The sun is 93 million miles away. It would be fair to say that the sun is distant. But for everyone who has eyes to see, the sun is very much present. The Lord Jesus Christ is seated at the right hand of the Father. He is there, not here. As a true man, He is located in the heavenly places. And yet, God has established the kingdom of His Son in such a way that the radiance of the Son’s glory extends throughout that entire kingdom, which is done through the power of the Spirit. That radiance of glory is not felt equally by all. If you were to bury a pebble in your garden and a seed in your garden right next to the pebble, you would get very different results from them. The seed contains life, and so can respond to the gift presented by the distant sun now present. The pebble contains no life, and is insensible to whether the sun is distant or present. When the Word is preached to you, and when the bread and wine are presented to you, you are called to respond in faith to the felt presence of Christ. This is possible because the Spirit has quickened you—you are a seed, not a pebble. You are green shoot, struggling up through the soil, beginning a glorious journey for such a … [Read more...]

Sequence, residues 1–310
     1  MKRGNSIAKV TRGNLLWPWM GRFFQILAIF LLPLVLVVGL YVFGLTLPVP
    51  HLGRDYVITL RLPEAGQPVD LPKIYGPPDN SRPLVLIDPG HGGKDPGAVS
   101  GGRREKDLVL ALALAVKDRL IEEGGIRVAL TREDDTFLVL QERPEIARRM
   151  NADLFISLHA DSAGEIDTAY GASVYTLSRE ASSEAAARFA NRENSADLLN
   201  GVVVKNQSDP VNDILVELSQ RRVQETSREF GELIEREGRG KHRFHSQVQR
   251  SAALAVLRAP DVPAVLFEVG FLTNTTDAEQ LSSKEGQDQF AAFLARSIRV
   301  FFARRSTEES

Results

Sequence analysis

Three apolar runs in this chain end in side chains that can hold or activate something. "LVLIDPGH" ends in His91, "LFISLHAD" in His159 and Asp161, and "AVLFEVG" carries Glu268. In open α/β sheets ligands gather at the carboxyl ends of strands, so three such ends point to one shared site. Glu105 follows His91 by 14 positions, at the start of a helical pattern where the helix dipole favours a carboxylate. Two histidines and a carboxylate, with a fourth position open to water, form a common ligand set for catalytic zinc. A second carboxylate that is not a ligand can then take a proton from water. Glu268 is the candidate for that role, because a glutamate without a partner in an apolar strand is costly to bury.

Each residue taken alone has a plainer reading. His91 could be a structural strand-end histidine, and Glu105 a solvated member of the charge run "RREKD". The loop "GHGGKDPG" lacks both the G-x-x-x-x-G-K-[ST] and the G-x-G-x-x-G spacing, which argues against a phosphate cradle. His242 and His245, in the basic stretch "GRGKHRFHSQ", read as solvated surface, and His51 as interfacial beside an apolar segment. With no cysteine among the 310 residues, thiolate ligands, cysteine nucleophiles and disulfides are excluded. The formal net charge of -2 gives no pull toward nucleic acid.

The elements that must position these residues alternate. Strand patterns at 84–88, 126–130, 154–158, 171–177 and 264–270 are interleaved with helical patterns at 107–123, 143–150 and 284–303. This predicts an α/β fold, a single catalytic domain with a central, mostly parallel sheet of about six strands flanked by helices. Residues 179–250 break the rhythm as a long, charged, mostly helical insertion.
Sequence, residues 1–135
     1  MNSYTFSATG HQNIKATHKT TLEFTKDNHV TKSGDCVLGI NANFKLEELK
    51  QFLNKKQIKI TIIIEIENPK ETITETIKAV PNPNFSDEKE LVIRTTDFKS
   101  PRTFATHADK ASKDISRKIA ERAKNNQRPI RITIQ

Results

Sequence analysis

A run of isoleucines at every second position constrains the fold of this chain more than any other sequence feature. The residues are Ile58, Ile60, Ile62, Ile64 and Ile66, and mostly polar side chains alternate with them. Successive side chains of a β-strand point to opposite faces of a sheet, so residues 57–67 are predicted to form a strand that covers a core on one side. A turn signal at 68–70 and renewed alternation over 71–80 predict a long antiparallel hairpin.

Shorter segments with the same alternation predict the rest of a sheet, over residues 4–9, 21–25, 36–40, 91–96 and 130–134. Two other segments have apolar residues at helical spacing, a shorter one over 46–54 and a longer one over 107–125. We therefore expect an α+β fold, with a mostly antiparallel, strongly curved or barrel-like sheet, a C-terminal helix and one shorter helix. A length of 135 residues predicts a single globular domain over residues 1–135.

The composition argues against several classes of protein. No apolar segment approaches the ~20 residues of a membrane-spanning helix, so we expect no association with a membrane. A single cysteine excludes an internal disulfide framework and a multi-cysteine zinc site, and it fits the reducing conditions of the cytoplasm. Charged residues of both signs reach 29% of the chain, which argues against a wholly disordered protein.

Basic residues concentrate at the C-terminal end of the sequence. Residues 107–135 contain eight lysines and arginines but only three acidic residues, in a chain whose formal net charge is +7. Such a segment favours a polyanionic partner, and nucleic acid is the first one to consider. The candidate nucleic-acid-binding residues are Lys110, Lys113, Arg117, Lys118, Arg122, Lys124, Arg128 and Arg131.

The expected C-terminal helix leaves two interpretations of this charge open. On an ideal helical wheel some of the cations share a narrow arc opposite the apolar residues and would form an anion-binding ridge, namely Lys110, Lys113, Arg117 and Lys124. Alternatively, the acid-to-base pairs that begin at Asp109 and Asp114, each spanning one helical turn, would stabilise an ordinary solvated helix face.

True and Entire